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Photo by Ayo Ogunseinde on Unsplash
I’m always on the lookout for new street photography tips because unless you have the time and money to afford to visit new locations, urban photography can become quite boring.
But, the best urban photography tips don’t rely on new locations, they teach you how to see your hometown in a new light and how to challenge yourself.
This is a list of all of my favorite urban photography tips that are for budget-conscious street photographers.
Everything Looks Different From a New Angle
Photo by Dominic Bonilla on Unsplash
This tip is so simple, yet so effective. Every time I set out to shoot street photography from a different angle, I’m shocked at how much I miss every morning on my commute.
I live in a major city, so most of the wildlife in my hometown live above me, and I rarely ever see them.
But, the architecture is also easier to see when you’re shooting up instead of down.
Photo by 13on on Unsplash
You can make your subjects appear more or less important with distance, so why not get a drone or start shooting from your office building?
When you change the angle of your shot, you change your shot completely.
Challenge yourself to look up and down, to seek out different vantage points, and to create images from unique perspectives. Doing so will get you better images, more interesting images, and will help you develop your creative eye. What’s not to like about that?!
Recommended Street Photography Books
Shoot in Different Weather
Photo by Scott Walsh on Unsplash
This is another surefire way to change the feel of familiar shots; shoot in every weather circumstance.
When it’s overcast, like in the photo above, your photos will appear moody, surreal or picturesque, depending upon your creative vision.
Long story short: you don’t want to be afraid to be uncomfortable.
But, when you’re shooting in wet weather, make sure you have the proper urban photography gear for it.
My go-to street photography gear pack starts with the Hex Ranger Clamshell Glacier DSLR backpack because it features a hidden rain cover I only use when I need it and is made out of water-resistant ballistic poly, which is the same material my backpacker’s tent is made out of.
But, the Hex Ranger backpack is otherwise comfortable and revolutionary. It also features an anti-theft zipper clasp, which comes in handy with urban photography.
And as you can see above, it holds a ton of gear. But even fully loaded, you get a comfortable carrying experience as you explore the urban jungle.
Comfort, security, organization, and good looks - what more could you want from an urban exploration camera bag?!
Photo by João Cabral from Pexels
But shooting in different weather doesn’t solely mean not being afraid to get rained or snowed on, because blue skies can also produce beautiful photos.
Blue skies actually lend better shadows and light rain lends beautiful reflections.
The most important thing to remember about this street photography tip is to try and capture those rare weather days in your hometown. If you live in Hawaii, capture the February tropical rainstorms, and if you live in London, capture the searing July sun.
Play With Filters
photo by Mlenny via iStock
Using filters in an urban setting can open up all kinds of interesting possibilities.
Using a circular polarizer, like the Kenko Nyumon polarizer shown below, reduces glare off of windows so the architecture of buildings is prominent instead of blinding glare of the sun.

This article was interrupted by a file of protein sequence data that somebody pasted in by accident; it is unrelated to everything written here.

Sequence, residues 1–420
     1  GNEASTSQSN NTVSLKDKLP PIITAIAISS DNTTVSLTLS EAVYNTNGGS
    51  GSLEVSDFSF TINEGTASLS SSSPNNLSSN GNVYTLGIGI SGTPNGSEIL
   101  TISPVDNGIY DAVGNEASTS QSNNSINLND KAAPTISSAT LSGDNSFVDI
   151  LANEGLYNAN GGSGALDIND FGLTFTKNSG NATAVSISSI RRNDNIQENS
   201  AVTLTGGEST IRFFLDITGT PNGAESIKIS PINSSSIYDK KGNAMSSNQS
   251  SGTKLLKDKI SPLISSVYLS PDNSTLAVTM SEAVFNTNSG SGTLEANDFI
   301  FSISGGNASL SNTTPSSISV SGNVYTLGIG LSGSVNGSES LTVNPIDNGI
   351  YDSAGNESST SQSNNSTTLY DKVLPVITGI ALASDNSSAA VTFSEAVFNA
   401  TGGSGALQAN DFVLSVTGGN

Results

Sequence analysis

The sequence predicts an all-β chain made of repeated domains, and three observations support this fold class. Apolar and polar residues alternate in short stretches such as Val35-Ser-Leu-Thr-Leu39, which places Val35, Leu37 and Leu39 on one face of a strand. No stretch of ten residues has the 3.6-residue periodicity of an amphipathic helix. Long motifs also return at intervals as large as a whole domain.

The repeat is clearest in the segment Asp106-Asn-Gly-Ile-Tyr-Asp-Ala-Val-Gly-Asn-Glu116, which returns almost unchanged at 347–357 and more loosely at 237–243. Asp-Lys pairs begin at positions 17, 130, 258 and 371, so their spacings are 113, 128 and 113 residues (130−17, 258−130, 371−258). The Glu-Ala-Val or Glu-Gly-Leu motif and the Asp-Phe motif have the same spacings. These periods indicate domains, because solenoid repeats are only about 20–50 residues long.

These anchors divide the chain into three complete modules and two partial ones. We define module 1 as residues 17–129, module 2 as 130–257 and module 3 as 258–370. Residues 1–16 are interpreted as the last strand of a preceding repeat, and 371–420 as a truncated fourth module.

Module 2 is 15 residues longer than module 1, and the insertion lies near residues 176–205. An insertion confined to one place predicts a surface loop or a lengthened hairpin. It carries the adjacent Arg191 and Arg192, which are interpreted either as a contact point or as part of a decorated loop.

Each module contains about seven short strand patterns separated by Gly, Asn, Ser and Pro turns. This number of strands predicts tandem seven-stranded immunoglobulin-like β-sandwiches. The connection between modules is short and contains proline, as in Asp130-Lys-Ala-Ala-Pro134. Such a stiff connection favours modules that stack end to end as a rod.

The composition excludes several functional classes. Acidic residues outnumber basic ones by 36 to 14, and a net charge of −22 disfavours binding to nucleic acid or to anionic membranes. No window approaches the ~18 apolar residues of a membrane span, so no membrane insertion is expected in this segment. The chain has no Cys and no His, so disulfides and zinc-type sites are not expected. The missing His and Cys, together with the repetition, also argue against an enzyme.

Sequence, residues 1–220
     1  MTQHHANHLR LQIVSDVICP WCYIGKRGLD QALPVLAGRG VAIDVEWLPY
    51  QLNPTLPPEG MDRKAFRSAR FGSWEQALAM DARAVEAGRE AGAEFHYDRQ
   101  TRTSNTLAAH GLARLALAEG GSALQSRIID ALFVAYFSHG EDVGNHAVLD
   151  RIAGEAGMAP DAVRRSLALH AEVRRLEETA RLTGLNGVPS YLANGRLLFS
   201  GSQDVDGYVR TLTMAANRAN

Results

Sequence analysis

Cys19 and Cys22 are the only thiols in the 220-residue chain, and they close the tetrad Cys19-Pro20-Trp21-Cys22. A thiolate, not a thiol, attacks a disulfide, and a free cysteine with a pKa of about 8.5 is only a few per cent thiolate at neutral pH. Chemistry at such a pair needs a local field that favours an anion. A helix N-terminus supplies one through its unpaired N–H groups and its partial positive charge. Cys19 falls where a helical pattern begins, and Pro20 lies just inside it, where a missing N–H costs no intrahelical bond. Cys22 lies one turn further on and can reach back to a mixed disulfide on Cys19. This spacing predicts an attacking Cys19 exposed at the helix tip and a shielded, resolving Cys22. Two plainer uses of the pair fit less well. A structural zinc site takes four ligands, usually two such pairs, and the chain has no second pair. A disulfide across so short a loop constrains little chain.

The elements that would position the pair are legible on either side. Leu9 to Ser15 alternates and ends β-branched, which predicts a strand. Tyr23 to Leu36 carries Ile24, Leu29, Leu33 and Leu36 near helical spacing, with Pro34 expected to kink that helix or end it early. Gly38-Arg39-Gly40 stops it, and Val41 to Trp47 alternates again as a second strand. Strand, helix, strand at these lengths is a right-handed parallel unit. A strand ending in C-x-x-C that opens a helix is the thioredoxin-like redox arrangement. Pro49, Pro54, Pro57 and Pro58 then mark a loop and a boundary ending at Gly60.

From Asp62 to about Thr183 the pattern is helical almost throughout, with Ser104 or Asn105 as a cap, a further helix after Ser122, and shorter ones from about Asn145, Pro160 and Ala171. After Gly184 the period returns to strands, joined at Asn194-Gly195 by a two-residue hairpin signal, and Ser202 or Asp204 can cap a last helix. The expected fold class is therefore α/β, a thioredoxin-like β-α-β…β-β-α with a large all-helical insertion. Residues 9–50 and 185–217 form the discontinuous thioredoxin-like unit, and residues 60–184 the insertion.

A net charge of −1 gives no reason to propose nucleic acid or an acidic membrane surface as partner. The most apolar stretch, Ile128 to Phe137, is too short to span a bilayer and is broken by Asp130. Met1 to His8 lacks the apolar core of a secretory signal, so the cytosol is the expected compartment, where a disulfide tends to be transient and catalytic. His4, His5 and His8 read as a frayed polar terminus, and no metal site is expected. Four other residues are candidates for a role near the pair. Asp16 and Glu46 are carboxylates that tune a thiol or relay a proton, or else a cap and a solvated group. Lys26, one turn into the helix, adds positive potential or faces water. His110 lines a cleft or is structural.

Circular polarizers also boost the contrast of the sky, so the atmosphere is a deeper blue while the clouds are a brighter white. That’s not a bad backdrop for photos of urban scenes.
You can also use neutral density filters or a PL Fader like the one shown above to create urban photos that have a beautifully ethereal look.
You can blur the movement of water or clouds to give the shot indicated movement. Turn the shot into a black and white image, and you have an even more eye-catching effect.
photo by Nick_Pandevonium via iStock
If you have a strong enough ND filter, you can even extend shutter speeds to lengths that make people invisible. This is handy if you’re photographing a busy tourist spot and you don’t want people to appear in the shot.
Having filters for your camera on urban explorations is just another way to get creative!
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Change Your Definition of “Urban Photography”
Photo by Simone Hutsch on Unsplash
Urban photography tips so often rely on the same definition of urban photography. But, urban photography doesn’t always have to include shots of people who aren’t aware their photos are being taken. They also don’t need to be moody, include city buildings as a backdrop, or be cliche in any way.
Urban photography is, in many ways, whatever you make of it.
And a current push in urban photography is to create abstract photos in a current environment.
So, the next time you’re doing street photography, try and find those angles nobody else is thinking of.
Use Black & White
Photo by Brett Sayles from Pexels
Black and white urban photography has been around since before color urban photography, technically.
But, shooting cityscapes in black and white allow you to see your city in a new light (literally) and give you a whole range of fun things to play around in post-production.
B&W urban photos are moody, impactful and clean when done correctly. But, learning how to shoot in black and white after perfecting color photography is difficult.
Don’t be afraid to take a lot of photos you’ll never show anyone, but keep taking them.